Australia watches Pacific Forum splinter


AAP – Australian Associated Press – Mon, 8 February 2021, 2:15 pm·

Australia’s regional influence could be dealt a blow following the splintering of the influential Pacific Islands Forum.

Five Micronesian presidents have officially quit the forum after a bitter leadership contest.

The leaders are furious former Cook Islands prime minister Henry Puna won a ballot to become the new secretary-general, edging out their candidate, Gerald Zackios from the Marshall Islands.

They insist it was their turn to select a secretary-general under a “gentleman’s agreement”.

Nauru, Kiribati, Palau, the Marshall Islands and the Federated States of Micronesia have all declared they will leave the forum, cutting the number of member nations by one-third.

“The forum has lost its original intent,” Nauru President Lionel Aingimea said on Tuesday.

However, the withdrawal process is expected to take about a year, and in a joint statement the leaders said the final decision rested with individual governments.

Regional experts believe the communique leaves some room to move, and are hoping Pacific leaders breach the divide and reunite the regional organisation.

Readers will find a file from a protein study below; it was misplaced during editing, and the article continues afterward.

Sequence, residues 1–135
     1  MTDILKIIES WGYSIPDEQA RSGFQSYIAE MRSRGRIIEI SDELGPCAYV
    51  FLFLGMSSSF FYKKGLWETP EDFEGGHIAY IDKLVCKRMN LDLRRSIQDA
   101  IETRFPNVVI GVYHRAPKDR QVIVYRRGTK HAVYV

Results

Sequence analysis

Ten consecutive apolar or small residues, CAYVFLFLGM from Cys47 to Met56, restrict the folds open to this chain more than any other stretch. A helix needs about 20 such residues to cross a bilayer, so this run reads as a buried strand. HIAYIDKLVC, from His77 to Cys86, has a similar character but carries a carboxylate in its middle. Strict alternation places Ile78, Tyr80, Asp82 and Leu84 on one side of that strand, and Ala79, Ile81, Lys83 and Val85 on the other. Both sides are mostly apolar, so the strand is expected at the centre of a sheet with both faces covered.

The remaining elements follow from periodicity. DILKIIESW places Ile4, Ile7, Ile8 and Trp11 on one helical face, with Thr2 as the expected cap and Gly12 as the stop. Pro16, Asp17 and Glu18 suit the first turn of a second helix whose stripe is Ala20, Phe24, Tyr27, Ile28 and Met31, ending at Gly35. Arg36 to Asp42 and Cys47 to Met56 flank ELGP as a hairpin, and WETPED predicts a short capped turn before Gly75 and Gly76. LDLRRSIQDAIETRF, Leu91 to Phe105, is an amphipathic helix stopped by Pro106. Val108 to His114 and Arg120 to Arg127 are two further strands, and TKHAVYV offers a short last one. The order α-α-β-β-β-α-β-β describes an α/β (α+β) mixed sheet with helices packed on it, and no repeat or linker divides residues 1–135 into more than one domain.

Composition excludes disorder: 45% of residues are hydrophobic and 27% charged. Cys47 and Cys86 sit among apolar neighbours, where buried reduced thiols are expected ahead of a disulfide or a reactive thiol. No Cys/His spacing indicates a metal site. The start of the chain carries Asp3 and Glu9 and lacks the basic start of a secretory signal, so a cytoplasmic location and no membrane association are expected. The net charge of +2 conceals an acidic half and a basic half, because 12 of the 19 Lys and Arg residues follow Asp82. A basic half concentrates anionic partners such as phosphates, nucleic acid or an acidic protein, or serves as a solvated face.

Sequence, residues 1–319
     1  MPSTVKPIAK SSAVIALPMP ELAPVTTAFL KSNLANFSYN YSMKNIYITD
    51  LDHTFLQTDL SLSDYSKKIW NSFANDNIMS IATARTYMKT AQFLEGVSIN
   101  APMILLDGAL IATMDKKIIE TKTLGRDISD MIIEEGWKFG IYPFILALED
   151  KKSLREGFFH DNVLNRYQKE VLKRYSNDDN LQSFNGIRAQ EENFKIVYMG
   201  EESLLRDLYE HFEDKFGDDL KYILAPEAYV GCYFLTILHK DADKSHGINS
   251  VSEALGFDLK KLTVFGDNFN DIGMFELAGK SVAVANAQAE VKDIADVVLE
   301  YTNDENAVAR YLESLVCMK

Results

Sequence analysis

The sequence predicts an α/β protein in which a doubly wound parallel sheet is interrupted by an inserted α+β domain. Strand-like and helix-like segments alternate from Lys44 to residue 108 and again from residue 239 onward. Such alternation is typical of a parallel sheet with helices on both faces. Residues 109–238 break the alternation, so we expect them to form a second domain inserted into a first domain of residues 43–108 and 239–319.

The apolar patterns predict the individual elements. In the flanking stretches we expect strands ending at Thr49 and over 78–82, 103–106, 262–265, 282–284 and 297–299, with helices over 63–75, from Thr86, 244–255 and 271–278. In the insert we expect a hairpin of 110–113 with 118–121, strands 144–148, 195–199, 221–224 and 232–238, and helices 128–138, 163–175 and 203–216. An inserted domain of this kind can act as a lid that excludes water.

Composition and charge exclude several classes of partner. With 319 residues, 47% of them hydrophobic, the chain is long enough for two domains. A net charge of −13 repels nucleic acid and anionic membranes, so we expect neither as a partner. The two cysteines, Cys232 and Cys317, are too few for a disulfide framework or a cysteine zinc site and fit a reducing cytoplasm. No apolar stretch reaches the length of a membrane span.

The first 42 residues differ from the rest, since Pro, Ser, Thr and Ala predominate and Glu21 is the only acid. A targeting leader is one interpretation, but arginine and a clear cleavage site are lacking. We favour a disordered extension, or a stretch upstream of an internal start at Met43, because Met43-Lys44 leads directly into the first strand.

The timing of the acrimonious split exacerbates the crisis.

In the middle of the pandemic, many Pacific island economies are in distress, oceans are rising and China is determined to gain political power and influence.

Foreign Minister Marise Payne said she could “absolutely appreciate” the disappointment felt by Micronesian leaders.

But she had hoped they would decide to stay in the powerful regional body despite the outcome of the “robust” leadership contest.

“Our absolute priority in the Pacific at this stage – in such complex times, and in such challenging times given COVID-19 – absolutely needs to be to protect unity,” she told ABC radio.

Senator Payne said Australia’s partnerships with Pacific nations would continue, regardless of the decision made by Micronesian leaders.

“We will continue to work very closely with members of the Pacific Islands Forum and its leadership, we will work closely with the new secretary-general,” she said.

“We will always work closely with those Micronesian members across the region.

“The whole Blue Pacific is important to us, they are part of the Pacific family, and Australia maintains that absolute commitment.”

The Pacific Islands Forum was formed in 1971, with Australia being one of the founding members.

Mr Aingimea said only once in the forum’s 50 year history had it been led by a Micronesian secretary-general.

David Paneulo, president of the Federated State of Micronesia, is deeply disappointed with how the latest PIF leadership process panned out.

“President Panuelo expressed frustration at how several Pacific leaders suggested the gentleman’s agreement doesn’t exist or that they’ve never heard of it,” his office said in a statement.


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